The big announcement of today in the tech world will be Samsung Galaxy S IV, but this is still a couple of hours away and due to British time zone differences will be tomorrow mornings news – we’ll keep you updated then on which of the recent rumours come to pass.
But the other big news in tech today is the sudden announcement that Google will be closing the doors on its much loved Google Reader product in three months. If you’re not a blogosphere or news junkie this might not seem relevant, but for the millions of us who log into our favourite mobile RSS reader app each morning for our read on the daily commute or with our coffee this is potentially devastating.
Almost all mobile based RSS readers on whatever platform, from iPhone through Android, Blackberry and Windows Phone, rely on Google Reader as the backend for updating the feeds and sending the data to your phone. You probably haven’t noticed this since you initially set up the app, and many users might not even be aware they’re using Google Reader in the first place if the app took them through the sign up process when they initially started using it.
So for those desperate to find out what is happening in their favourite niche news sources each morning, will this mean going back to the old fashioned way of loading each site up automatically? Thankfully probably not, as despite it’s market dominance there are alternatives to Google Reader around and more are sure to come now the service is closing.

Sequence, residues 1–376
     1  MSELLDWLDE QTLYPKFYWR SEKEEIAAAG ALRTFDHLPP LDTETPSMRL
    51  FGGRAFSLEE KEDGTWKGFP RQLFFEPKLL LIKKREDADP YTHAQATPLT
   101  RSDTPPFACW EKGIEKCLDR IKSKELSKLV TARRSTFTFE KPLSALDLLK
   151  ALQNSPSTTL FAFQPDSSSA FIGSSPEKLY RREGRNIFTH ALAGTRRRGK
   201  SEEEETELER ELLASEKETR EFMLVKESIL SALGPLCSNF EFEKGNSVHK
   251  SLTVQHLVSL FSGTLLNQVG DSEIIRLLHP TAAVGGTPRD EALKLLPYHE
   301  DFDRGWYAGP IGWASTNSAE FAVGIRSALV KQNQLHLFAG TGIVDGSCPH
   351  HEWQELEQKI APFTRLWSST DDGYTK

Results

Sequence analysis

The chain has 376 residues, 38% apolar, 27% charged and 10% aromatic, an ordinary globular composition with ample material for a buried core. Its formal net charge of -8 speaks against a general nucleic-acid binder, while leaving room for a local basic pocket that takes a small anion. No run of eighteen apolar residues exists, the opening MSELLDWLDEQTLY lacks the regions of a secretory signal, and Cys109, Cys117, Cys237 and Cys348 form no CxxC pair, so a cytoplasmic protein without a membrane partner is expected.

One of the big gainers from the exodus from Google Reader that took place today was NewsBlur. The service crashed under the weight off new users and their server stats suggest their userbase expanded tenfold in a day despite the fact their withdrew their free edition to try to stem the server issues they experienced. The service is not just a website but also a pretty decent mobile and tablet app available for both iOS and Android. At $1 a month it won’t break the bank, but that’s $1 more than you were paying using Google Reader and also ties you into using their app.
Other options will include Feedly, which currently uses Google Reader for its backend but promises to switch to their own system by the time Google Reader shuts in three months. Their app has been widely praised and the transition should be seamless if you’re already using it.
Likewise another popular app for iOS and Mac, Reeder, says they’ll find a way of keeping the lights on when Google Reader closers. Other apps like FeedDemon have announced they’ll be closing though and other such as Newsify have so far been silent.
The good news is that whatever alternative platform you choose to move to should allow you to import your current subscriptions relatively easily as Google is letting you do a simple data dump of them into XML format. Despite the server overload we successfully did this in seconds at NewsBlur today and it’s already up and running as our iPhone RSS reader.
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Google Reader closes, replacement mobile RSS readers reviewed